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TR: What’s the most exciting finding so far?

CV: For me, the most exciting finding is that human-to-human variation is substantially higher than was anticipated from versions of the human genome done in 2001. If fact, it might be as much as tenfold higher: rather than being 99.9 percent identical, it’s more like 99 percent identical. It’s comforting to know we are not near-identical clones, as many people thought seven years ago.

TR: How will scientists use your genome sequence?

CV: It will serve as a reference genome. This is probably the first and last time anyone will spend the time, money, and energy to sequence a diploid genome using highly accurate Sanger sequencing. Future genomes, like those from 454 or George Church’s Personal Genome Project, will be layered onto [existing] data, adding to the completeness of this genome. (See “The Personal Genome Project.”) [The traditional Sanger sequencing method, used for the Human Genome Project and to generate Venter’s sequence, generates longer pieces of DNA than do newer methods, such as that used by 454, making it easier to assemble the overlapping pieces.]

TR: James Watson released a version of his own genome earlier this summer. How is yours different?

CV: There has been nothing published yet on his genome, so we have no idea. But as I understand it, in contrast to really assembling a genome, they sequenced short fragments that are layered onto the sequence assembled at the NIH. So there are a lot of technical differences, but until it’s published, we won’t really know.

TR: You’ve had sections of your genome in the public domain for several years now. Any second thoughts about putting the entire high-quality sequence out there?

CV: No. And I applaud Watson for doing this as well. A key part of the message here is that people should not be afraid of their genetic codes or afraid to have other people see them. That’s in contrast to the notion that this is dangerous information that should be kept under lock and key. We’re not just our genetic code. There is very little from the code that will be 100 percent interpretable or applied.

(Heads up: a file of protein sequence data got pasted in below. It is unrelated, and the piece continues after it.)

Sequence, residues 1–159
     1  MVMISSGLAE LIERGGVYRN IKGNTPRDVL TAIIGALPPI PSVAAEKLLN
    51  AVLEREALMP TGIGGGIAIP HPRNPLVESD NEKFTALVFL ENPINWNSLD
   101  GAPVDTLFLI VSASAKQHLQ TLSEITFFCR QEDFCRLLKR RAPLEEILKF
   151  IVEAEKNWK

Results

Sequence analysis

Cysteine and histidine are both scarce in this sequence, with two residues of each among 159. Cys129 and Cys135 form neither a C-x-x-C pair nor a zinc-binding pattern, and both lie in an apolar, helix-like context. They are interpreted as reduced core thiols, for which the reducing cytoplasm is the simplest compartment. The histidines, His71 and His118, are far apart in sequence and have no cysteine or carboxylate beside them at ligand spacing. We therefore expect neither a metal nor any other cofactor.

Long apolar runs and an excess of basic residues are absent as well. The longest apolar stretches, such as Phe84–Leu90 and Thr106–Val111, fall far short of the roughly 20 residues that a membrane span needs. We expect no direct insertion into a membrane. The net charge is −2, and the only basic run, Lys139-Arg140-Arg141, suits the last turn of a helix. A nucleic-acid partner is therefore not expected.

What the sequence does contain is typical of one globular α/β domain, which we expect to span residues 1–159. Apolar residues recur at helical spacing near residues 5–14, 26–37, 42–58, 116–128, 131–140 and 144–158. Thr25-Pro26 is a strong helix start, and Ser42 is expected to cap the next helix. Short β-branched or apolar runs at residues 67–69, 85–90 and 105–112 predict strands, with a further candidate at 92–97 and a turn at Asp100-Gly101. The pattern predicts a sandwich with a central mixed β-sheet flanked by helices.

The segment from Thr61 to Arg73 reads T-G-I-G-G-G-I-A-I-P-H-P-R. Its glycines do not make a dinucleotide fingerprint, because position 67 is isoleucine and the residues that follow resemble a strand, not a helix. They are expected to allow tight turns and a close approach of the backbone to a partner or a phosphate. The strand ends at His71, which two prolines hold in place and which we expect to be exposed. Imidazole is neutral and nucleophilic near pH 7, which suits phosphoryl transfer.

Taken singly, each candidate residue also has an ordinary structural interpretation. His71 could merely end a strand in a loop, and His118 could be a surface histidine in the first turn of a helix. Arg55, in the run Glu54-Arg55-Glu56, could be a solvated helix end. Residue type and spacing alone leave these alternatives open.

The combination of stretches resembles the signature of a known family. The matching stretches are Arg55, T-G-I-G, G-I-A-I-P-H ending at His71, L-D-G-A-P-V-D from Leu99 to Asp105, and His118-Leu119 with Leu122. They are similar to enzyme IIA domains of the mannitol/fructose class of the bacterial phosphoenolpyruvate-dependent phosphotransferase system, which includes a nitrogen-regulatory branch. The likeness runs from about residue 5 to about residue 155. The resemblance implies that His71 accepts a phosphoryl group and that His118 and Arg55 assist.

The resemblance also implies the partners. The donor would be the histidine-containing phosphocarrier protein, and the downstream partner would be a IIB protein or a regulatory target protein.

TR: Have you searched your genome for disease-related mutations?

CV: Yes. I have a book coming out in October called A Life Decoded where I look at many variants and try to put them in context of my life. For example, I have a high statistical probability of having blue eyes, but you can’t be 100 percent sure from my genome that I have them. The message is that everything in our genomes will be a statistical uncertainty. We’re really just in the first stages of learning that.

Previous published genomes don’t represent anyone, so we can’t interpret human biology based on these. But now we can start to make human-genome inferences. We’ll need tens of thousands to millions of genomes to put together a database that would allow interpretation of multiple rare variants and what they mean. That will take decades.

TR: How much did the project cost?

CV: The goal was not to see how cheaply we could sequence a genome; it was to see how accurately we could do it. It was clearly a multimillion-dollar project over the years.

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Credit: J. Craig Venter Institute

Tagged: Biomedicine, DNA, genome, genomics, copy number variation

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